With so much emphasis today on share price movement, one should not ignore another important feature of investing: Dividends. Along with capital appreciation, quarterly cash dividend payouts provide investors with a “total return” on their investments. As thebuttonwoodproject readers know, I put a lot of emphasis on dividend paying stocks when choosing candidates, as they not only provide real cash to investors, but can add a degree of downside protection in a stock’s price during market swoons. For example, a higher valuation for a share of stock which does not pay a dividend is based solely on its (potential) future performance and what investors perceive that performance translates into as a current value. But a stock with a dividend yielding, let’s say 4%, is less likely to plunge to unreasonable levels during market downturns, as investors will scoop up shares at lower share prices (and thus higher yields) giving needed price support to these dividend paying alternatives. Another characteristic when choosing blog candidates that are paying dividends is not just the absolute dollar amount and current yield, but the long-term growth of its dividend (past and estimated future). In addition, the ratio of the amount paid vs. the amount a company earns per share is very important. If the company is paying out too much of earnings in the form of dividends, it can signal a possible pay cut should operating conditions deteriorate. If the payout ratio is reasonable (let’s say below 40% of its available earnings), the dividend can often hold in times when profits temporarily fall. Stocks with gyrating dividend payouts or periodic eliminations of a dividend are looked upon less favorably by the investment community.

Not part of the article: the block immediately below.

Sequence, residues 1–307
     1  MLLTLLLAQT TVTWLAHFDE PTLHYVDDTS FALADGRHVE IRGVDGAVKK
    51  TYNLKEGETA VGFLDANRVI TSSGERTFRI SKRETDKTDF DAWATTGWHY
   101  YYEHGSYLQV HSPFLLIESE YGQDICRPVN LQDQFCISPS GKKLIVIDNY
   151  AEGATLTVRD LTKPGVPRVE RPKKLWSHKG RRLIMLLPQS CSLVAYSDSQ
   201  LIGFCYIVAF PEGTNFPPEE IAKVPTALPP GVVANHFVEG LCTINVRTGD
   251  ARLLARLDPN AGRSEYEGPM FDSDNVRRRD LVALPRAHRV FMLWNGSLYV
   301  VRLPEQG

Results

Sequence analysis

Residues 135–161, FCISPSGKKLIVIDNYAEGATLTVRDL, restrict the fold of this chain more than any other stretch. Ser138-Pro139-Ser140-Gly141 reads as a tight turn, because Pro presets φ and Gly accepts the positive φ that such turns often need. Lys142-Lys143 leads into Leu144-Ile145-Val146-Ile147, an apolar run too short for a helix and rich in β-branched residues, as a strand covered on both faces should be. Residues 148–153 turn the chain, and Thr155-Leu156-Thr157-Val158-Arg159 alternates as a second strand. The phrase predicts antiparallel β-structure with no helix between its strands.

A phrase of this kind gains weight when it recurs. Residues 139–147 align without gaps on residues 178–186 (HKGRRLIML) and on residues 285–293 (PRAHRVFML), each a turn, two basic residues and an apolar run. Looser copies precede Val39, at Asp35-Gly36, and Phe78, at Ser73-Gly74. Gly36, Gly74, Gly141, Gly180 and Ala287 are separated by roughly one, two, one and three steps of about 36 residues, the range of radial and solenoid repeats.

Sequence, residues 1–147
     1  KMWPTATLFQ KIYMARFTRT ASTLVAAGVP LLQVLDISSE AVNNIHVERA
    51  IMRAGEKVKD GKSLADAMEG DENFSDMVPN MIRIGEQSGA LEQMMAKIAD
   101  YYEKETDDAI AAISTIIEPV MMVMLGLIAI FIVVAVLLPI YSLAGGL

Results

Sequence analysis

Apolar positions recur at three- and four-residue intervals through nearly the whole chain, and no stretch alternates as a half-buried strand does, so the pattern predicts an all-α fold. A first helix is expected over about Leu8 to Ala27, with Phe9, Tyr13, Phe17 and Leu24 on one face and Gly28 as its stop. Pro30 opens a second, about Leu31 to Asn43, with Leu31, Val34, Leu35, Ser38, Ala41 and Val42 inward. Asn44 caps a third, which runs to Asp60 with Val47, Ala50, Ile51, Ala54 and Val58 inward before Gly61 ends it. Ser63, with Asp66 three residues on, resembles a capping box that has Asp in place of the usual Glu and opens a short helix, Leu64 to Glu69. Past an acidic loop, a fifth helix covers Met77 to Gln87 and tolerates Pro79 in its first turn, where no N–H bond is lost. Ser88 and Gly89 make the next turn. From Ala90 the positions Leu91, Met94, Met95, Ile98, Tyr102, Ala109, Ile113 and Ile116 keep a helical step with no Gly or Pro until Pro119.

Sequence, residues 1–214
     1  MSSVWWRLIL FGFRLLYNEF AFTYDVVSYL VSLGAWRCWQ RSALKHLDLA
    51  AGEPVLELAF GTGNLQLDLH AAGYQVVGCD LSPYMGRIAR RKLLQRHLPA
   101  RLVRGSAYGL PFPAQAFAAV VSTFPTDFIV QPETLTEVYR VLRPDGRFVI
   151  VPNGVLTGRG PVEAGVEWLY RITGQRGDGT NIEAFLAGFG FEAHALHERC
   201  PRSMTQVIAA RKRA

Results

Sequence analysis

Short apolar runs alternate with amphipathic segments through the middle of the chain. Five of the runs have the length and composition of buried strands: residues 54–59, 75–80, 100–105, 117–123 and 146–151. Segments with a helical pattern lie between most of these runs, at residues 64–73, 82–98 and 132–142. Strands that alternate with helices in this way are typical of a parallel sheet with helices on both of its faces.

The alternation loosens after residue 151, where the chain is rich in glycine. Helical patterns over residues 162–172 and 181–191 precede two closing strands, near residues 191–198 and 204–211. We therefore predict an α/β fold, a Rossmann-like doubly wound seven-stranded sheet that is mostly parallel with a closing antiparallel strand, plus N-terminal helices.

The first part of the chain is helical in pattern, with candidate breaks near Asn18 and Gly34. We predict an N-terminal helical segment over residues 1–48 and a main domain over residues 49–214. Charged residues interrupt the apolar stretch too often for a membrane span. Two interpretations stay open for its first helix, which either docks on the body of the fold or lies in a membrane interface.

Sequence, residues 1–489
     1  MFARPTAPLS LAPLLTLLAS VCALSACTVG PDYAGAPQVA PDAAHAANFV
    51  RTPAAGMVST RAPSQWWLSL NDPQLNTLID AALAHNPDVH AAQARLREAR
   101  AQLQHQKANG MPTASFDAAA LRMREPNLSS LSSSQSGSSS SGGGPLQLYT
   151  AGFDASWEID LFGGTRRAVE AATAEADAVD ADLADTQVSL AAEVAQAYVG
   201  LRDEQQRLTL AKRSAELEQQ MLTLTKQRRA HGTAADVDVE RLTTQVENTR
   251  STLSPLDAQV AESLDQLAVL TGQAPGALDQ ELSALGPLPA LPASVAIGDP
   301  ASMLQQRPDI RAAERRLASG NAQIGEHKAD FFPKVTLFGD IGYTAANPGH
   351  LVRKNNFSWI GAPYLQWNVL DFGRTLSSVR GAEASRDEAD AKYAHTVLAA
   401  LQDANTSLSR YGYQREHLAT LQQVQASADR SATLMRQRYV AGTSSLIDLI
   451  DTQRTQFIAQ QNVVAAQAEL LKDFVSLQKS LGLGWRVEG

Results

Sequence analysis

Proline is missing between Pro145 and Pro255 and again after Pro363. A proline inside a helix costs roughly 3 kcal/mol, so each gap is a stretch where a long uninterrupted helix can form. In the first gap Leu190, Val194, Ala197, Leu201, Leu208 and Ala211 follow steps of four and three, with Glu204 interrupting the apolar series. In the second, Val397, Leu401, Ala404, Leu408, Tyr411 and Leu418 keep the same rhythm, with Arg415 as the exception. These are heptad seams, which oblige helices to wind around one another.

Below is a chart of the three portfolios and what each of the recommendations is providing in the way of a current dividend yield. With the exception of Internet giant Google and satellite TV provider DIRECTV, all the others pay dividends yielding from the stingy (less than 1%) to the very generous and are not limited to only the Income portfolio model, but the Conservative and Aggressive lists, as well.